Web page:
But in the three games the Indians have won so far, it has been the Indians' middle relief (especially in comparison to the Sox' ineptitude in Games Two (Gagne, Lopez, and Lester) and Four (Delcarmen)) that has been a large part of the difference. In particular, Rafael Betancourt has been very effective (Games Two and Four). (Zero production out of the #1, #6-9 spots in the Sox order has not helped.)

Borowski has pitched in three games for the Indians so far in the ALCS, but only once (in Game Three) in a save situation. The Sox closer (and second-best pitcher, after Josh Beckett), Jonathan Papelbon, has pitched only once (2 effective innings in Game 2.)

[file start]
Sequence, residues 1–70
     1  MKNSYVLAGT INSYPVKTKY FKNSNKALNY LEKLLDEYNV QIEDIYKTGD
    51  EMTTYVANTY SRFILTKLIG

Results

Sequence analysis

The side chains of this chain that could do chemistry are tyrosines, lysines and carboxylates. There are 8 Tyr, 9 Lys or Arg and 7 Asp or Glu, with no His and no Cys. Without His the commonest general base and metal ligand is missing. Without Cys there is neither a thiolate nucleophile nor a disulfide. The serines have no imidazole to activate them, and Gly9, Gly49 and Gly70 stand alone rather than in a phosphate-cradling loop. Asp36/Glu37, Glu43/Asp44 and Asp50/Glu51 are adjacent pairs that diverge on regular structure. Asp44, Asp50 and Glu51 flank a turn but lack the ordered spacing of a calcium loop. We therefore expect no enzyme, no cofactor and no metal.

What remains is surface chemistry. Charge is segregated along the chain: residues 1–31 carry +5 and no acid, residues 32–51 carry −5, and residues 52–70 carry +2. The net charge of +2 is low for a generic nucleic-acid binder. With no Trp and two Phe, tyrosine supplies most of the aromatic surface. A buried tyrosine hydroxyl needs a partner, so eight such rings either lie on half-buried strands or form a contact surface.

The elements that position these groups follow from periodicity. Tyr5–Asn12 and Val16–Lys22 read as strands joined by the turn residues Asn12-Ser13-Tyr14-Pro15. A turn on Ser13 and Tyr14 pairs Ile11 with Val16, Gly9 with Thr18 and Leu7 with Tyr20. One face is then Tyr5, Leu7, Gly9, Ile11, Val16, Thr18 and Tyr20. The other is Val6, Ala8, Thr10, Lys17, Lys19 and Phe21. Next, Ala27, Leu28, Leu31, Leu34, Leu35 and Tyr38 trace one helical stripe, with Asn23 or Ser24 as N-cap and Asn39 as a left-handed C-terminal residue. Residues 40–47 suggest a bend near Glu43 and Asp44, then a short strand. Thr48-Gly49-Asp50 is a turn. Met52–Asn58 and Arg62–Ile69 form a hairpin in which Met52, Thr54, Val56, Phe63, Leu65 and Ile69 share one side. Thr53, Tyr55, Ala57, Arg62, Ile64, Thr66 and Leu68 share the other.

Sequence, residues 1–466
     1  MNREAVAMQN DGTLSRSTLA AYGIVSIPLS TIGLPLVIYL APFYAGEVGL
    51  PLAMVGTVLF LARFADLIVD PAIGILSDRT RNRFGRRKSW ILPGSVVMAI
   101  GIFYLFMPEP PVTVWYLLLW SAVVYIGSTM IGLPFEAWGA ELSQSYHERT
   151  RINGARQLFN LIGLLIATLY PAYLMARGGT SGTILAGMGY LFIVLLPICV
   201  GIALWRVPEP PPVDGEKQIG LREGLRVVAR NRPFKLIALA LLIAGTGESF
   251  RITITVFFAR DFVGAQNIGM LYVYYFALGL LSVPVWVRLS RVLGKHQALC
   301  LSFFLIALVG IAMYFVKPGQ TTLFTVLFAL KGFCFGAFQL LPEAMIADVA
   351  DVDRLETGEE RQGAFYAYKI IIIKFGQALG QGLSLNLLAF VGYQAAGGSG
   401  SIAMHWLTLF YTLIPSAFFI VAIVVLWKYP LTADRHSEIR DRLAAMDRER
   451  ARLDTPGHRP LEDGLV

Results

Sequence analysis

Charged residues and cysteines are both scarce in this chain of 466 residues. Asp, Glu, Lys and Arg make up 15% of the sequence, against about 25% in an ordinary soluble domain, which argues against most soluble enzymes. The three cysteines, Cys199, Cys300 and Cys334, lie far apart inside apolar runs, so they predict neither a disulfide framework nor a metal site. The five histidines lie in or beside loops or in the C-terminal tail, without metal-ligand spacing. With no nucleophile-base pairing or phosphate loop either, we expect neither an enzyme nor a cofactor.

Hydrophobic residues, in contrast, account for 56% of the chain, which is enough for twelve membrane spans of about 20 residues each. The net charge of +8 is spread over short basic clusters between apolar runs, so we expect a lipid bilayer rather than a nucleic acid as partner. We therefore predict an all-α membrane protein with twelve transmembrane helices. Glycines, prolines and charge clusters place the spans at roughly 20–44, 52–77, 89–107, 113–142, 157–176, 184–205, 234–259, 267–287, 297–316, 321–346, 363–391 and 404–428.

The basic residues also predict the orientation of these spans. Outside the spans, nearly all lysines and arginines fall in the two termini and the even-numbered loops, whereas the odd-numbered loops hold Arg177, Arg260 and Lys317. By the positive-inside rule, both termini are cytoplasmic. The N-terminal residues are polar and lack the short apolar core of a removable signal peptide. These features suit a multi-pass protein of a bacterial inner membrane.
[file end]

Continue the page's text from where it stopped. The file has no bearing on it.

Losing the ALCS because you get nothing out of your major post-season acquisitions (Julio Lugo and JD Drew)? That's a kick-in-the-ass.

Losing the ALCS because Cleveland (and, presumably, its GM Mark Shapiro) does a better job applying James-ian analysis to a baseball situation than the very team that employs James? That, friends, is irony.

Tuesday, October 16, 2007

Forecast for Jacobs Field: Scattered Angst

MLB's staggered postseason schedule has added a new dimension to pitching staff strategy this year. With at least three planned off days in the LCS, it is very reasonable to try and let your best starting pitcher go three times since rest is much less of an issue.

So since the Red Sox have one great starter (Beckett) and three others (Schilling, Dice-K, Wakefield) who all have some questionable aspect to their potential performance, they seem like the perfect candidate to bring back Game 1 winner Beckett for tonight's Game 4.

Even though pitching on three days rest has been spotty in the postseason for even great pitchers since the Division Series was added in 1995 (team record 39-54, starters ERA 4.37, 5.4 IP, 90 pitches), the Red Sox have a seemingly sure thing in Beckett.